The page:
Census: Gay couple households boom in Utah
Molly Butterworth, a Salt Lake City resident, liked that the 2010 Census form allowed her to identify her "Person 2" as both Chinese and white, correctly reflecting the diversity in her household. She also was pleased she could report that person as her "wife," even though her Massachusetts marriage license is not recognized in Utah.
More than ever before, same-sex couples living together in Utah are reporting their relationships in the U.S. Census. The number of households headed by gay and lesbian couples shot up by 73 percent over the past decade Â and they now account for about one of every 150 households here, according to 2010 Census data released Thursday. In contrast, the total number of Utah households grew by 25 percent.
"Much of the increase is due to an increased willingness to report as opposed to Utah suddenly getting a surge of same-sex couples willing to move there, or that suddenly the [lesbian, gay and bisexual] population coupled at an increased rate," said Gary Gates, a demographer at the University of California-Los Angeles Williams Institute.
Gates has noticed similar surges in other conservative states, including Arizona (70 percent), Montana (88 percent) and Oklahoma (70 percent). The growth was less dramatic in more socially liberal states, including California (36 percent) and New York (40 percent), where more gay couples may have felt just as comfortable reporting their status in 2000 as they did in 2010, Gates said. Household data has not yet been released for every state, so there is not a national average.
Meanwhile, the number of heterosexual couples living together in Utah without marrying also skyrocketed by 66 percent, and they now head one of every 25 households in the state.
The number of households headed by married couples increased by only 21 percent, but they account for three of every five Utah households.
University of Utah research economist Pam Perlich said those changes come as public polls and academic research have shown that Americans especially the younger generation are more accepting of gays and lesbians, and also increasingly question the need for marriage.
"Polls show about 70 percent of younger people are accepting [of gays]. There really is a generational shift," Perlich said, adding that Utah has the lowest median age in the nation. "I expect there is a similar propensity of younger kids to self-identify [as gay] more than the older folks who have been raised in very repressive and punitive sorts of environments where it's fine to fire people or not give people housing."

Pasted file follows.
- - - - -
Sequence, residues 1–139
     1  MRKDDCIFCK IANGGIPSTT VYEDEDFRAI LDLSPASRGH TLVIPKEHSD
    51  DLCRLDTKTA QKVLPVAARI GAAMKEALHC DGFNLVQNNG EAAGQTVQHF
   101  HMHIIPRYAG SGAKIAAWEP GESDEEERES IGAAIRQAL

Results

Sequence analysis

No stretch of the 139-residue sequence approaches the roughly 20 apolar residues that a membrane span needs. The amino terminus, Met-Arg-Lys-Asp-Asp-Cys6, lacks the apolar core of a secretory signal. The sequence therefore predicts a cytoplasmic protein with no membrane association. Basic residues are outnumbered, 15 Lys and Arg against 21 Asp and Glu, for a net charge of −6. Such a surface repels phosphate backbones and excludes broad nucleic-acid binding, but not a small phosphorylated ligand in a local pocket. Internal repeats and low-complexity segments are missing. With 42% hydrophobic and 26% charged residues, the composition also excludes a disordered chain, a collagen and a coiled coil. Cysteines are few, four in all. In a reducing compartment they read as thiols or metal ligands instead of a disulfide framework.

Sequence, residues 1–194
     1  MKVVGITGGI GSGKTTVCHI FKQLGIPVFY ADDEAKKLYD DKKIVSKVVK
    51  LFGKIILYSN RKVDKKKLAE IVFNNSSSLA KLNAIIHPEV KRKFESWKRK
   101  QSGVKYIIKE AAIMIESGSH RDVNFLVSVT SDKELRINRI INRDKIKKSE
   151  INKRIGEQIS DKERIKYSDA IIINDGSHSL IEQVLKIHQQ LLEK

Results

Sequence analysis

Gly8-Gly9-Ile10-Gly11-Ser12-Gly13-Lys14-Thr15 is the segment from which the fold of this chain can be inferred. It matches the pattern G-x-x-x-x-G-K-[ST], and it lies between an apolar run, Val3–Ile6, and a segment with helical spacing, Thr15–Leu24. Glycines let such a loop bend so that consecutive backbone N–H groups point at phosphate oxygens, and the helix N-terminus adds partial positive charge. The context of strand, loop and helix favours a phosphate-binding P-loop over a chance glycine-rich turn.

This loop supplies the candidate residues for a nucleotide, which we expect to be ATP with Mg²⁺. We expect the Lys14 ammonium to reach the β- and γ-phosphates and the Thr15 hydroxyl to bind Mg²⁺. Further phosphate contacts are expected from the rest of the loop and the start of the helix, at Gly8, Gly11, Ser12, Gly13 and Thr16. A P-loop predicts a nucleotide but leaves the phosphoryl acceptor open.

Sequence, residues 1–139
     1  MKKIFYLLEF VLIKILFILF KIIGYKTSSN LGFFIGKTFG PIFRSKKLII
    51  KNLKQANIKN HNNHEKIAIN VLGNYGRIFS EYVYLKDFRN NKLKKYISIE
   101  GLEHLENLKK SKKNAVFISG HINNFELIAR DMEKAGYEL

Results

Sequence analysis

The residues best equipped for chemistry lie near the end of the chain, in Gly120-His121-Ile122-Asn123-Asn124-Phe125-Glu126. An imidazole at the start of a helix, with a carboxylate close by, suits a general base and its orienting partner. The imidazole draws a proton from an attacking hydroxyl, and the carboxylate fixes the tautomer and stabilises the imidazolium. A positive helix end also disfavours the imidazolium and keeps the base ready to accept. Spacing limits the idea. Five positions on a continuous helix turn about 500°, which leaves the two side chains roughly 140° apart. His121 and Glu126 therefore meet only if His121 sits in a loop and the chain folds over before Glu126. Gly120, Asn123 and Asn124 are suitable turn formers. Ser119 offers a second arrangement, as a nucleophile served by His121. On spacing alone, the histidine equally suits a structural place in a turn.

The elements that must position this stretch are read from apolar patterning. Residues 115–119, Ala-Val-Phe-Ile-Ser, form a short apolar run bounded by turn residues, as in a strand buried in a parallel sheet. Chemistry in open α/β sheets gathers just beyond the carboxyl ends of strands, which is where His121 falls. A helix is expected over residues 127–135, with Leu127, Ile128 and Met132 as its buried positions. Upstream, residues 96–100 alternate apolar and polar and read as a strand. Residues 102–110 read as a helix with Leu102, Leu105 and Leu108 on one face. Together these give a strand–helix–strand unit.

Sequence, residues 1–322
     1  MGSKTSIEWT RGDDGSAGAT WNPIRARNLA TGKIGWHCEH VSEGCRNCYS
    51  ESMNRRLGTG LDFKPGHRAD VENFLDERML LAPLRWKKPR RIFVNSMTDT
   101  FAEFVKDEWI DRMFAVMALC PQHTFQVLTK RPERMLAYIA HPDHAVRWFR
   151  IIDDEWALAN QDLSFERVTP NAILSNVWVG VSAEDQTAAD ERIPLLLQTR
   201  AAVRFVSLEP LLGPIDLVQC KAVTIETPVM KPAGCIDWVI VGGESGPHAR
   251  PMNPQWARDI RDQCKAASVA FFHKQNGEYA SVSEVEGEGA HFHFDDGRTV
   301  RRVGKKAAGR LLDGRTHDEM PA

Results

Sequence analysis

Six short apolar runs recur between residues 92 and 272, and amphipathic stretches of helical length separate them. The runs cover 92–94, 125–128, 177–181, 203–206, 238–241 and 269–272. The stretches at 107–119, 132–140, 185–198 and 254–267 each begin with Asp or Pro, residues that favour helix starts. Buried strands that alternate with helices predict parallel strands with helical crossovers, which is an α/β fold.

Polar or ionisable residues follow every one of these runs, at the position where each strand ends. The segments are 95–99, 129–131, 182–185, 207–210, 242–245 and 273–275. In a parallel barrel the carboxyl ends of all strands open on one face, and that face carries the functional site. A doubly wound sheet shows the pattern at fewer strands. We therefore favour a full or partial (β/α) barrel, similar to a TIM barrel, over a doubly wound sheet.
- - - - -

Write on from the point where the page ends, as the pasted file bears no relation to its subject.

A changing climate made a difference for Kate Call, a 58-year-old American Fork resident, when she completed her Census form.
A decade ago, she was living with a lesbian partner on a ranch in San Juan County. She did not have mail service so a Census taker, someone she knew in small-town Blanding, came to pick up her 2000 form. She reported her girlfriend as a roommate, rather than an "unmarried partner" because she feared being outed.
"Generally, [people in rural Utah] are 'live and let live' but you will run into the occasional person who will discriminate against you," Call said.
In 2010, Call looked forward to reporting her unmarried partner in the 2010 Census. She was living near Moab at the time.
"I wanted to be counted in the state of Utah as being a same-sex couple," she said. "Some people think we are just a tiny fraction of the population when we're more populous than they realize."
The Census shows 5,814 households in Utah were headed by same-sex couples in 2010, up from 3,360 in 2000. The number includes heads of households who identified a second adult as either a same-sex spouse or unmarried partner.
Every county in Utah had at least one household headed by a gay couple Â although Daggett and Piute counties reported only one each. Eighty percent of same-sex couples live in the four Wasatch Front counties of Salt Lake, Utah, Davis and Weber.
Salt Lake County was home to 54 percent of Utah's same-sex couple households. Salt Lake City itself claimed 19 percent, followed by 6 percent in West Valley City and 5 percent in Millcreek.
Nearly a third of all same-sex couples 1,813 have children under the age of 18 in their homes.
Tony Butterfield, a father of 9-year-old twin boys, said he enjoys living in Sandy, where his kids can be close to their grandparents and cousins. He teaches chemical engineering at the University of Utah and his husband, Paul, stays home with the kids. (The couple married in California in 2008 during the window that same-sex marriages were legal there.)
"When it comes to everyday interactions with the people of Utah, I find that, as soon as they get to know us, all the politics and biases go out the window and they are just our neighbors and friends," Butterfield said. "In Utah, the biggest problem are the people who don't know us."
Butterworth and Davida Wegner, who married in Butterworth's hometown of Nantucket, Mass., in 2007, are among the couples who are new to Utah not just newly counted. Butterworth moved to Salt Lake City six years ago to earn a doctorate in clinical psychology at the University of Utah. Wegner, a graphic artist at Whole Foods Market, followed a couple of years later when she had finished a master's degree at Yale.
"Utah is more diverse than people view it from far away," said 31-year-old Butterworth.
She counts the Wasatch Mountains, affordable cost-of-living and cultural opportunities such as Cedar City's annual Shakespeare festival among the perks of living in Utah.
"Originally, we thought we definitely wouldn't stay in Utah" after finishing graduate work, Butterworth said. "Right now, I really don't know."
To view more 2010 Census data, go to • http://2010.census.gov.
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